• Boyle cautioned against trying to save people. Instead, he said, we should walk with them in their lives. “Saving lives is for the Coast Guard. I’m really not interested in it.”

Van Jones, author, TV commentator and former Obama White House advisor, 2019

  • Van JonesToo often, we overlook “gems” in the community, Jones said, because we accept assumptions about others, whether it’s about people we disagree with, people who are different from us, or people who live in poverty. If we reject those assumptions, we will see the humanity sitting across from us and begin to make a difference in the world.

As we wrestle with big questions and ideas, we’ll need leaders with servant hearts to participate and guide those conversations. I thank all of you who have been or are ready to be intentional, deliberate, compassionate and focused on a long-term goal of poverty mitigation and systemic change. Because of you, hope is on the horizon.

Lindsey Nell Rabinowitch
Director, Faith & Action Project  


Inclusive Growth is Possible, but All Sectors Needed

Having heard Indy Chamber President Michael Huber present moral and business cases for attacking poverty during the local panel discussion at the 2018 Faith & Action Fall Event, the Faith & Action Advisory Board recently asked Huber to revisit the topic. How, the board wanted to know, has the Indy Chamber responded to calls for the business community to engage in poverty mitigation for reasons that go beyond economic impact? Sharing insights from recent research and the Chamber’s “framework for equitable economic growth,” Huber said the Chamber is advocating for the building of bridges (especially between business and education sectors) toward better alignment on poverty-reduction goals, pushing for more accessible pathways to good and promising jobs, and urging the business community to address concentrations of poverty and other factors— such as food desserts and lack of access to transportation—that block people from getting and keeping jobs. To learn more, read the research behind the Chamber’s vision.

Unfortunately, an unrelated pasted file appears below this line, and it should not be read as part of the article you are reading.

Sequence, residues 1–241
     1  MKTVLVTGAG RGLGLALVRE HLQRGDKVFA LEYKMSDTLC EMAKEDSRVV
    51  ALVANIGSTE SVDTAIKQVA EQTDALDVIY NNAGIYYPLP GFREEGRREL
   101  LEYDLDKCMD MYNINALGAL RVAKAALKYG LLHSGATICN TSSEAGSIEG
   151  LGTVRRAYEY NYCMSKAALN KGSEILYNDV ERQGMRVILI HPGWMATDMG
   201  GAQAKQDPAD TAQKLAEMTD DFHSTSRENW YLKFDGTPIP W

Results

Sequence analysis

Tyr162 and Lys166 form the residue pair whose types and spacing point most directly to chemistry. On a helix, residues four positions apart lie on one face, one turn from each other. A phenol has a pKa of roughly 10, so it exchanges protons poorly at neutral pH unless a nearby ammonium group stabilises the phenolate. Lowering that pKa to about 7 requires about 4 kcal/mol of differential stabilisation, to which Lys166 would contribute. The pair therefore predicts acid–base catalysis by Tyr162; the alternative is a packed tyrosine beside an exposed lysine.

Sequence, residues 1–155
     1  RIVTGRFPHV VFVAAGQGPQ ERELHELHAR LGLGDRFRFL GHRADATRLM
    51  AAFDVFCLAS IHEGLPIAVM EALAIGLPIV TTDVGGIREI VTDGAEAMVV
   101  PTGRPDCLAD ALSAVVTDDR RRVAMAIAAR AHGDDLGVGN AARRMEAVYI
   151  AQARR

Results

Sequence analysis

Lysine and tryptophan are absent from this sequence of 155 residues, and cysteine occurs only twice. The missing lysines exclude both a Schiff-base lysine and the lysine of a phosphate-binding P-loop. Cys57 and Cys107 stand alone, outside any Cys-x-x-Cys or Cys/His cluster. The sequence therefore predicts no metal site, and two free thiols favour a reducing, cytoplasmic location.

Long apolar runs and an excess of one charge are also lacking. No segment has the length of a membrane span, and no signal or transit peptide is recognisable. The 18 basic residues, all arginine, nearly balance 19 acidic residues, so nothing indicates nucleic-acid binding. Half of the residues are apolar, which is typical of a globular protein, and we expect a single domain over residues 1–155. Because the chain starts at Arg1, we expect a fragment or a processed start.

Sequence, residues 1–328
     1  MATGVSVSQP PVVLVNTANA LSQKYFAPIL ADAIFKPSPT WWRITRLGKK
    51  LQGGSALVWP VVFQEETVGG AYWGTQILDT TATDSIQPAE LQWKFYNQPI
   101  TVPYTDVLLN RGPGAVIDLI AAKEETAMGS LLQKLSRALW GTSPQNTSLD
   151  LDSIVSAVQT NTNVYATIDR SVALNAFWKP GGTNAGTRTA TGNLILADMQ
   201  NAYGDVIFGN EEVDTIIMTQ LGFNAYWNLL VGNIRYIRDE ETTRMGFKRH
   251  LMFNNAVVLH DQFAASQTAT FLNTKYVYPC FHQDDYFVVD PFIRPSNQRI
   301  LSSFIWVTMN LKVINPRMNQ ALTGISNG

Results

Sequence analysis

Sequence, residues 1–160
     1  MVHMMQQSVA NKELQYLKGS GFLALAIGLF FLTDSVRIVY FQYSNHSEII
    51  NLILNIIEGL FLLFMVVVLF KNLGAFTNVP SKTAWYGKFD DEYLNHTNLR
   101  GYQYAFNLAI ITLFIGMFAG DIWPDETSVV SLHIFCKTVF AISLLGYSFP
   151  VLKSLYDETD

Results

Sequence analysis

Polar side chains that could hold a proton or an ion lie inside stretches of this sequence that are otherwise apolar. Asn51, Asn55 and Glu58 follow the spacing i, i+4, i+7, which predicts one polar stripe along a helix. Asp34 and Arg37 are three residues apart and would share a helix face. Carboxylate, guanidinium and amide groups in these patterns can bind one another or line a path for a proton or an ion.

Rev. Haynes Brings Call For Congregational Engagement

Rev. Dr. Fredrick Haynes IIIOn Sept. 8, faith leaders from across the city will gather to learn from the Rev. Dr. Frederick Haynes III, a gifted pastor, passionate social activist and eloquent orator dedicated to preaching and fighting against racial injustice. With Rev. Haynes’ message about the importance of engaging and mobilizing congregations to end poverty and injustice, this gathering is designed to spark provocative, fruitful conversations that inspire action, create opportunities and push the community closer to its collective goals. RSVP here by Sept. 1. Mask required regardless of vaccination.